Hello world! Did you all miss me? 😀 Well I missed you all, even if ya’ll didn’t miss me 😉 Life has taken a busy turn and I find myself away from cooking a lot lately. Also, temperatures of 35 C and up aren’t quite that great when it comes to slaving in the kitchen. Now if only someone would invent a portable air-conditioner we could wear…..oh well, wishful thinking right there! Anywho, let’s get back to business shall we? What’s cooking!?
It’s not that I haven’t been cooking, I have, it’s just not been blog-worthy….aka, I haven’t had time to cook, plate, set and click. Survivalist meals and curries have been my best friend, and the little time I manage to find free, I end up snoozing on my keyboard So trust me when I tell you, this dish is no labour-intensive feat either. Here’s presenting my very simple, very delish, Paneer Malai Kofta….also known as, Fried Cottage Cheese Dumplings in a Cream Sauce 🙂
Kofta, Kafta, Kofteh, however you spell it, is a delicious mouthful (or many mouthfuls) in itself, but the addition of various gravies gives them a completely different dimension. Now we know that koftas are usually made with meat, especially when served as a part of Middle Eastern, Arabic, Balkan, Greek, Turkish, South Asian cuisine. It is perhaps only in India where you get the vegetarian cousins of these meatballs. And the most common version is, of course, paneer. Cottage cheese, or paneer is a wonderful choice for making koftas, especially when dunked in a rich gravy.
Kofta, Kafta, Kofteh, however you spell it, is a delicious mouthful (or many mouthfuls) in itself; minced meat mixed with spices, condiments and a binding agent that is then fried, and usually served with a gravy. Koftas are an intrinsic part of Middle Eastern, Balkan, Central Asian, South Asian, Turkish, Greek and Indian cuisine, though they may vary in shape, size and form. For instance, vegetarian Koftas are usually only served in India.
Usually made with boiled potatoes and/or paneer (cottage cheese), Kofta curries are a common Indian delicacy. I believe most Kofta curries have a tomato-based gravy, but personally I prefer a white gravy….and also, this is my take on one of my favourite dishes, Malai Kofta, which includes koftas made with boiled potatoes that are stuffed with a mixture of Paneer, Mawa/Khoya and dry fruits. I haven’t done any of that though 🙂 Mine is a simpler version, and took no more than 15 minutes…(if you forget the kneading and making of the koftas).
P.S – I stuffed some grated cheese inside the koftas, just because I love cheese 😉 You can skip it altogether, or just add some crushed nuts, or even a piece of raisin.
I must tell you, this gravy is on the sweeter side, not overtly so though, but it’s not spicy. To balance, I added a dish of chili flakes, and made a cilantro-chili oil, that, when drizzled over, works wonders. You can serve this either with rice, or with roti/flatbread of choice. It goes well with both sides, though I had this with rice today.
For the Koftas:
- Paneer/Cottage Cheese or Chenna – 200 gm (I made my own)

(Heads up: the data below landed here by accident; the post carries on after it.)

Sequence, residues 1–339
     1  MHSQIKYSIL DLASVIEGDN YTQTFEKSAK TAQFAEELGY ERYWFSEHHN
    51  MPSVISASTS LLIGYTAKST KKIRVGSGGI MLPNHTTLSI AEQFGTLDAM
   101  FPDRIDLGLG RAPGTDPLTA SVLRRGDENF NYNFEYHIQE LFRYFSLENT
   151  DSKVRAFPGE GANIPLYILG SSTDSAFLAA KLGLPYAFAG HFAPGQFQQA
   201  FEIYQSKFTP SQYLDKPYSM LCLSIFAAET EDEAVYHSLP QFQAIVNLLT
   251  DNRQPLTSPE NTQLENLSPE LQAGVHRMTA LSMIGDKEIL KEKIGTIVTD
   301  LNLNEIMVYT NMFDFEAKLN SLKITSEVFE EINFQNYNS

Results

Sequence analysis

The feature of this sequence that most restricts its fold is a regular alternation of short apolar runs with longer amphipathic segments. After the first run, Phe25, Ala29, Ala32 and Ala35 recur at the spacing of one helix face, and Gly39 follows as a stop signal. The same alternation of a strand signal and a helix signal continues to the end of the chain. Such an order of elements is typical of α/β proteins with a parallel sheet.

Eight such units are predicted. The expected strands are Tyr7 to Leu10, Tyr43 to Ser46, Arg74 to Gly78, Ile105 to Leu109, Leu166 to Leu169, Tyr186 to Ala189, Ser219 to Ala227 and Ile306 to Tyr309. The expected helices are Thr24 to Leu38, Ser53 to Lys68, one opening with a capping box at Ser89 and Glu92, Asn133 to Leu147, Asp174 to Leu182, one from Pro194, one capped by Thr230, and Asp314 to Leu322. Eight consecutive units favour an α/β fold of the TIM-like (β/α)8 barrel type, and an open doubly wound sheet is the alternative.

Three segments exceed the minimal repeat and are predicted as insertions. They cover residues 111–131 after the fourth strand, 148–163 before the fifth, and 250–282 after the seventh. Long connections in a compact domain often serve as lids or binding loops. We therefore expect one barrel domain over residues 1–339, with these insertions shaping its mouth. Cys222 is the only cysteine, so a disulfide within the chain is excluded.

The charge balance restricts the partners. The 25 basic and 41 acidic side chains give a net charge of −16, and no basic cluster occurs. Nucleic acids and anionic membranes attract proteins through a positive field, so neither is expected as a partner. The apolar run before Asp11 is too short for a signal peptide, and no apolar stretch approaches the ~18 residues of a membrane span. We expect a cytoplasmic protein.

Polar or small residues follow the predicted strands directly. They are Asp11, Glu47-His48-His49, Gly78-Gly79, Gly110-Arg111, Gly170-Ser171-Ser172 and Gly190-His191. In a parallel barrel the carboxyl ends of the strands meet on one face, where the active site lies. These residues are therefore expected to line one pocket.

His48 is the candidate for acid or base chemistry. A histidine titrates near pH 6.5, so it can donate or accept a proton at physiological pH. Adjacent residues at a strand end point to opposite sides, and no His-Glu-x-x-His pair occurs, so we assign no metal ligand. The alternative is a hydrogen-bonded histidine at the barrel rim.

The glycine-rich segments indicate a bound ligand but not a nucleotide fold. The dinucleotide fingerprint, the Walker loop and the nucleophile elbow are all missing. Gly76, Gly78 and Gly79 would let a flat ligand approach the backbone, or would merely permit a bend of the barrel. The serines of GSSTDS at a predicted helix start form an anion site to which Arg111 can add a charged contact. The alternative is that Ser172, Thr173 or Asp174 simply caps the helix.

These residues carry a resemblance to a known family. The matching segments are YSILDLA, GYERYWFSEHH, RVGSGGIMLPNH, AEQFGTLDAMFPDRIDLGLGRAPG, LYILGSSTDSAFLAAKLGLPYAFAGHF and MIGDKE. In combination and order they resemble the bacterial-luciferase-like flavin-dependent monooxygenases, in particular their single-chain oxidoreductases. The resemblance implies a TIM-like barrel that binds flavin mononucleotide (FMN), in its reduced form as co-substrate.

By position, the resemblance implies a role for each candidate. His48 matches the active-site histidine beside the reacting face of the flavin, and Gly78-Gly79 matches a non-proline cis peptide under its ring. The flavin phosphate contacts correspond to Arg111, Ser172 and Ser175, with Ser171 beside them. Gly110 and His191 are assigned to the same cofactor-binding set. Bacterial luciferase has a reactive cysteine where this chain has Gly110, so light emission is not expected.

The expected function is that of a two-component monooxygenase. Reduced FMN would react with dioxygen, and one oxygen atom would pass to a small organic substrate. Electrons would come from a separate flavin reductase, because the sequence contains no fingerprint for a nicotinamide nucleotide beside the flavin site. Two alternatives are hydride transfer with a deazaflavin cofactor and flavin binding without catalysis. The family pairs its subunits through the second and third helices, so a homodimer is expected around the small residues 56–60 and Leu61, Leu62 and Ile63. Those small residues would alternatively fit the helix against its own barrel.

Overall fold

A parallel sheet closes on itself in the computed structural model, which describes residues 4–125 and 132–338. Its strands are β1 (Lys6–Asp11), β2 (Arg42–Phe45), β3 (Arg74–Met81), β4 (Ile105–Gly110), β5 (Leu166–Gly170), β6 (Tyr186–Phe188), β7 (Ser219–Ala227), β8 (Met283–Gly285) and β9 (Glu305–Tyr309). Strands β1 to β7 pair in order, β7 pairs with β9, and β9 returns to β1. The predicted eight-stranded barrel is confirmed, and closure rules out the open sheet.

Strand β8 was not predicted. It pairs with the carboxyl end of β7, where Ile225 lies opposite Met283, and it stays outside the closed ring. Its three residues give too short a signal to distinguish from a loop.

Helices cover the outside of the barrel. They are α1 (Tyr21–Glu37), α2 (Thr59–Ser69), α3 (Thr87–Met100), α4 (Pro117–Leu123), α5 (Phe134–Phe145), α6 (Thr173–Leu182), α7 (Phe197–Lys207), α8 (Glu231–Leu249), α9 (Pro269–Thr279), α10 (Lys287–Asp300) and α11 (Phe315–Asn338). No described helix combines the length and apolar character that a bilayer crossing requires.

- Cornflour – 2 tbsp approx
- Salt – to taste
- Paprika powder – 1/2 tsp
- Grated cheese – 1/4 cup
- Refined oil – for deep frying
For the Gravy:
- Onions – 2 large, roughly chopped
- Ginger – 1/2 inch piece
- Garlic – 5 to 7 cloves
- Cashew nuts – 7 to 8
- Melon seeds/Charmagaz – 1 tbsp
- Curd – 2 tbsp
- Fresh Cream or Homemade Malai – 1/2 cup
- Salt – to taste
- Sugar – 1 tbsp
- Garam Masala powder – 1/2 tsp
- Cayenne Pepper/Chili powder – 1/4 tsp
- Oil – 1 tbsp
- If using homemade chenna or paneer, work on it while warm. If using store-bought paneer, grate it finely first.
- Knead the chenna/paneer well, until it is smooth and lump-free; it shouldn’t feel grainy when rubbed between your fingers.
- To this, add the cornflour, salt and paprika powder. Knead well.
- Make oblong or round shaped koftas, and inside each, stuff about 1/2 tbsp of grated cheese. (this is optional…you may add some crushed dry fruits or a piece of raisin).
- Keep the koftas on a greased/oiled plate, separated from each other so they don’t stick.
- Heat a deep-bottomed pan with enough oil to deep fry.
- When the oil is smoking hot (check by dropping a tiny piece of dough first), add the koftas, ensuring to leave enough space. Add in batches.
- They will take about a minute or less to brown; we do not want to burn them.
- Immediately scoop out on to a plate and let excess oil drain.
- Meanwhile, in a pressure cooker, boil the onions, ginger, garlic, cashew nuts and melon seeds. Alternately, you may blanch them, or skip this step and make a paste directly.
- Don’t make them mushy, one whistle should be enough. When pressure releases, let the onions, etc cool.
- Once cooled, blend them into a smooth paste; use the water used for boiling if paste is too thick.
- Heat a pan with a tbsp of oil, we don’t need much. To this, add the blended paste of the boiled onions, garlic, ginger, melon seeds and cashews.
- On medium heat, saute until the paste loses its raw smell…about 3 to 4 minutes. Stir constantly or it might burn.
- Once the masala paste begins to caramelize on the sides, add the dry spices, sugar and stir.
- Whisk the curd and cream together with the sugar, and add to the gravy.
- Mix everything well, and add salt, and a cup of water.
- Once the gravy starts to boil, add the koftas, and simmer for 4 to 6 minutes, or until gravy is thick and creamy.
- Switch off heat, and ladle Paneer-Malai Kofta on to serving bowls.
- Serve hot with rice or roti.